• The objectives of the Independent Grid Management Act may be considered overriding reasons in the public interest and justify the restrictions that the Act places on fundamental freedoms
• The restrictions at issue must be appropriate to the objectives pursued and not go beyond what is necessary to attain those objectives
• It is for the Supreme Court to determine whether the restrictions are appropriate/proportionate
• The ECJ’s judgment brings the unbundling of the energy companies closer, but it is not over yet as national court proceedings may go on for months, even years.
The preliminary proceedings were initiated following a referral by the Dutch Supreme Court. The matter concerns a group prohibition and, in the Supreme Court appeal against Essent, a prohibition on other side activities. Both prohibitions were introduced in the Electricity Act 1998 and the Gas Act by the Independent Grid Management Act (Wet onafhankelijk netbeheer). The central question was whether the group prohibition, which requires unbundling of the network business shared by energy companies and prohibits mutual shareholdership, and the prohibition on other side activities are in conflict with the free movement of capital. In its ruling of 24 February 2012, the Supreme Court stayed the appeal and made a preliminary referral to the ECJ. Advocate-General Jääskinen advised the ECJ in his opinion of 16 April 2013 to rule the Independent Grid Management Act not contrary to EU law.
The ECJ ruled:
1. Article 345 TFEU must be interpreted as covering rules entailing the prohibition of privatisation, such as those at issue in the main proceedings, which have the effect that shares held in an electricity or gas distribution system operator active in the Netherlands must be held, directly or indirectly, by the public authorities identified by the national legislation. However, that interpretation does not mean that Article 63 TFEU does not apply to provisions of national law, such as those at issue in the main proceedings, which prohibit the privatisation of electricity or gas distribution system operators, or, further, which prohibit, first, ownership or control links between companies which are members of the same group as an electricity or gas distribution system operator active in the Netherlands and companies which are members of the same group as an undertaking which produces, supplies, or trades in electricity or gas in the Netherlands and, secondly, engagement by such an operator and by the group of which it is a member in transactions or activities which may adversely affect the operation of the system concerned.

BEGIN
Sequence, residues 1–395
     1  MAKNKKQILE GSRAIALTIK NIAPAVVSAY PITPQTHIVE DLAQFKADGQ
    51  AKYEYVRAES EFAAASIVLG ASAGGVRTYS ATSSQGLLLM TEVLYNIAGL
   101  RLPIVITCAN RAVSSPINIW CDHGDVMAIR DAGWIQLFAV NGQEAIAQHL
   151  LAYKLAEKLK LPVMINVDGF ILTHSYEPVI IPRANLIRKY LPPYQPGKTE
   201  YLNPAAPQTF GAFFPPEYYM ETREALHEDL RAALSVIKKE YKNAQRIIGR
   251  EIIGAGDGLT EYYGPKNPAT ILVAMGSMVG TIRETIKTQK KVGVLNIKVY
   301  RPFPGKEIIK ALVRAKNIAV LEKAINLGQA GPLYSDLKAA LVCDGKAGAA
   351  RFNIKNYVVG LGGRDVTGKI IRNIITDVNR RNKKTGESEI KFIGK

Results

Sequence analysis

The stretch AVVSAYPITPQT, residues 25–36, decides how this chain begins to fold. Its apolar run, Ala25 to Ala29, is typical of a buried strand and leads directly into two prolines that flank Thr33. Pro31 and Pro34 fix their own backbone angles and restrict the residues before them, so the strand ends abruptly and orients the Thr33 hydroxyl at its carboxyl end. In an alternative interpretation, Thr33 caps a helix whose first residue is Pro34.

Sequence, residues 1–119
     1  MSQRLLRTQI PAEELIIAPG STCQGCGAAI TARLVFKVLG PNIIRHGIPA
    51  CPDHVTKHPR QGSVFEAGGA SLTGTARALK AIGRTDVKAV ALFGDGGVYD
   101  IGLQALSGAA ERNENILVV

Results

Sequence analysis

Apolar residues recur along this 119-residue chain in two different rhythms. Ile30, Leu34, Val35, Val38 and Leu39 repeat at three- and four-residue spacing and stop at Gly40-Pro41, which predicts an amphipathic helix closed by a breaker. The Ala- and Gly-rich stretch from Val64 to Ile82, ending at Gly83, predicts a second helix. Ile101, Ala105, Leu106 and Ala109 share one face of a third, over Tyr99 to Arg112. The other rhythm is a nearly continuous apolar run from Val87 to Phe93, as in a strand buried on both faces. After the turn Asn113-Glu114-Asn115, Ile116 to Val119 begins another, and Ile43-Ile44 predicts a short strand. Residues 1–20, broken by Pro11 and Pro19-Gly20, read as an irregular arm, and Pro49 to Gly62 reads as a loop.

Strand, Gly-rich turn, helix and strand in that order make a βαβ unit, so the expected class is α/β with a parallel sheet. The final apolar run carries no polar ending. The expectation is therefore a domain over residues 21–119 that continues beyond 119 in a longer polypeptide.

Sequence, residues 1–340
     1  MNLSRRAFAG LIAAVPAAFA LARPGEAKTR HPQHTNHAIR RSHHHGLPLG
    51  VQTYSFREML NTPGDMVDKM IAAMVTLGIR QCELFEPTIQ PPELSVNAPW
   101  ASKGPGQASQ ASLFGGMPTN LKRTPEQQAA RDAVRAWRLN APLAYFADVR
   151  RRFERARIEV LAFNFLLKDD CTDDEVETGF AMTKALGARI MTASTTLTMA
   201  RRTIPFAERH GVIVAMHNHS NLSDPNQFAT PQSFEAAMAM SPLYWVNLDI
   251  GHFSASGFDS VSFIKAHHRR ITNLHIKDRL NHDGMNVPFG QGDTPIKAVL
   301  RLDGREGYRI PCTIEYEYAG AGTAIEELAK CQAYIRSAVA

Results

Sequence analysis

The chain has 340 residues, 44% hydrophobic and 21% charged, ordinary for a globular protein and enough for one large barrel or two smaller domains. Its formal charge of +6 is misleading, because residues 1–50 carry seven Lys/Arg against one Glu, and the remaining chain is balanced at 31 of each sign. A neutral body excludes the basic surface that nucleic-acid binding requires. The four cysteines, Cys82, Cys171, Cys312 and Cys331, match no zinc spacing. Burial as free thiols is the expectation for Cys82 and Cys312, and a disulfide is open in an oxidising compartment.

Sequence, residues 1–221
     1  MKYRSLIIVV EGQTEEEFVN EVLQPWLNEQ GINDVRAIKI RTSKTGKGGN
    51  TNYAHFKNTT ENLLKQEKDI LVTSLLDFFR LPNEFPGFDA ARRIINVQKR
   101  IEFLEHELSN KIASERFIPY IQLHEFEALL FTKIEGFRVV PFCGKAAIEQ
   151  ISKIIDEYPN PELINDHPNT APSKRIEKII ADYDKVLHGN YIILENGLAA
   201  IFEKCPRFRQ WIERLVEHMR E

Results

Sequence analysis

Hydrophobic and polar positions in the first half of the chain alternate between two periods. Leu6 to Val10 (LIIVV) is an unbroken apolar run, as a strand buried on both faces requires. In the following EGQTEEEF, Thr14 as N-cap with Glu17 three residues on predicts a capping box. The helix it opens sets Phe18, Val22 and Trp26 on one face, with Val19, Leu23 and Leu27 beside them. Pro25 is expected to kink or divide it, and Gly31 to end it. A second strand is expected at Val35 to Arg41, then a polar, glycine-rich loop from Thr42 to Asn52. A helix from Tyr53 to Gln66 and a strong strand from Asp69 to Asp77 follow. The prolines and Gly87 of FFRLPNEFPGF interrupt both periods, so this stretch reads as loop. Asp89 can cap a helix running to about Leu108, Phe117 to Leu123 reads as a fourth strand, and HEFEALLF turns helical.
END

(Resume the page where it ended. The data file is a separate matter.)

2. As regards the rules entailing the prohibition of privatisation at issue in the main proceedings, which falls within the scope of Article 345 TFEU, the objectives which underlie the choice of the legislature in relation to the adopted rules governing the system of property ownership may be taken into consideration as overriding reasons in the public interest to justify the restriction on the free movement of capital. As regards the other prohibitions, the objectives of combating cross-subsidisation in the broad sense, including exchange of strategic information, in order to achieve transparency in the electricity and gas markets, and to prevent distortions of competition may, as overriding reasons in the public interest, justify restrictions on the free movement of capital caused by provisions of national law, such as those at issue in the main proceedings.
The Supreme Court will take the ECJ’s response into consideration and allow parties to submit their written views before it rules on the State’s appeal. The Supreme Court is likely to reverse the Court of Appeal’s judgment and may order a re-examination of the case by a (different) Court of Appeal. Until a final judgment is given, it remains uncertain whether the division of ownership that derives from the group prohibition will continue to apply to the energy companies that have not been unbundled yet (Delta and Eneco).
Please click here to read the Legal Alert in Dutch.